Hotel - Beirut: Architecture in the conflict city
Byrnes, W. Ryan Matta
Master of Architecture
The post-conflict city is both a tragedy and opportunity; an environment of suffering, yet a fertile landscape for reconstruction. An architect's typical relation to an armed conflict environment is as an agent of reconstruction once fighting stops. But what of a city where conflict is continuous and interminable? How does an architect intervene in a conflict city? My thesis proposes an architectural intervention that recognizes an urban condition where hot and cold conflict are states of a fluctuating environmental condition. As the conditions change, spaces might adapt and architectural elements react, whether by physical operations, shifts in program, or accommodation of different users and occupations. Much of the conflict logic that is embedded throughout is inspired by strategies and spatial reappropriations that civilians employ to cope with a never ending conflict condition. Designing for the conflict condition does not suggest perpetuating its continuance. Rather, propositions which recognize varying degrees of hostilities within the urban fabric allow for the generation of unique spatial configurations, both formal and programmatic, with potential for diverse social and cultural use when conflict is cold, or what the idealist would consider times of relative peace.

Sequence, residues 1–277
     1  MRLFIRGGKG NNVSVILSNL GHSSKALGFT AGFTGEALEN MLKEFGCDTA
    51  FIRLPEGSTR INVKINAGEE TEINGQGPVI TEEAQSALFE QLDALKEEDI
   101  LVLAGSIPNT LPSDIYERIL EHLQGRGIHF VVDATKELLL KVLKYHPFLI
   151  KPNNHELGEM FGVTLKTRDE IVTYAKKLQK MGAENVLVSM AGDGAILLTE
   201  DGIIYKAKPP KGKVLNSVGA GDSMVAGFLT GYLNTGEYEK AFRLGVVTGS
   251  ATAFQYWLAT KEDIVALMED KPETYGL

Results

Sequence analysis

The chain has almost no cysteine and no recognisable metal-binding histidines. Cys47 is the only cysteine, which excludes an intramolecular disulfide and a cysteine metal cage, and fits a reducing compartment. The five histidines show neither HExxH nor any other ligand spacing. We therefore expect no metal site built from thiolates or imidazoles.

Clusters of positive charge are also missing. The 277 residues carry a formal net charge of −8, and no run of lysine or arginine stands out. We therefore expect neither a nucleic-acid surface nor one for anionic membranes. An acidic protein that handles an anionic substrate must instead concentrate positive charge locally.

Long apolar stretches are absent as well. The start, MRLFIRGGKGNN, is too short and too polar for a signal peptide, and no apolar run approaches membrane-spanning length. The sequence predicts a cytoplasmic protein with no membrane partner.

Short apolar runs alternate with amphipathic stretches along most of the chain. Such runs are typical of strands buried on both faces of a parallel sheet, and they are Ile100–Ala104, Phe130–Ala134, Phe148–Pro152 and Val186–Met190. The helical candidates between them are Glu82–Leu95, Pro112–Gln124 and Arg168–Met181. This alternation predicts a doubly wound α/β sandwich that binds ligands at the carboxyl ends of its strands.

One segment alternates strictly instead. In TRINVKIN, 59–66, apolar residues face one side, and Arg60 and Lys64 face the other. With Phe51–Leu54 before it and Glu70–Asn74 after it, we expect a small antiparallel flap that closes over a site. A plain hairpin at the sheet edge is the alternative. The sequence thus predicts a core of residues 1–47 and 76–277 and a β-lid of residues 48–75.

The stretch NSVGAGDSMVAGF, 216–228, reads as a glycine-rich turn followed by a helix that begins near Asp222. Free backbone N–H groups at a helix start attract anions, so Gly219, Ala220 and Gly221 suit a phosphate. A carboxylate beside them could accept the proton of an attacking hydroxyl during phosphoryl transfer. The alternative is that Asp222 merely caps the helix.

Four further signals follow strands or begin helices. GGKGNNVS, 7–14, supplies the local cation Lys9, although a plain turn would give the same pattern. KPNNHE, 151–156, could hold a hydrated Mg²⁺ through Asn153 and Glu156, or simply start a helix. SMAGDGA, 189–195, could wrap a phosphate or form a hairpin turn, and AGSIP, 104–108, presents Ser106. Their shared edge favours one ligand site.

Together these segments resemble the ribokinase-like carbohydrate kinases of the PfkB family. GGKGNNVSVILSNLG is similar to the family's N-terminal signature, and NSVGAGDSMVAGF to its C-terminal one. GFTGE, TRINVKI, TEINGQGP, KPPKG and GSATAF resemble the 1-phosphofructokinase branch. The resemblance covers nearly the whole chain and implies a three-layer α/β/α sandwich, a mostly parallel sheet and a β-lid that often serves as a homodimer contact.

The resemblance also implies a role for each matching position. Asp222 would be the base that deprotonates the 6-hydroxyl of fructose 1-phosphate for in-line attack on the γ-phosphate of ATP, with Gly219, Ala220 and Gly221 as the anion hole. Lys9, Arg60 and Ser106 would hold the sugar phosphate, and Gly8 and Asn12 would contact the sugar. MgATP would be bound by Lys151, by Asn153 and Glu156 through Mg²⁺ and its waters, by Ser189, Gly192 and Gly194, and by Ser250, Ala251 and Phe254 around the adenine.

Architecture; Communication and the arts; Lebanon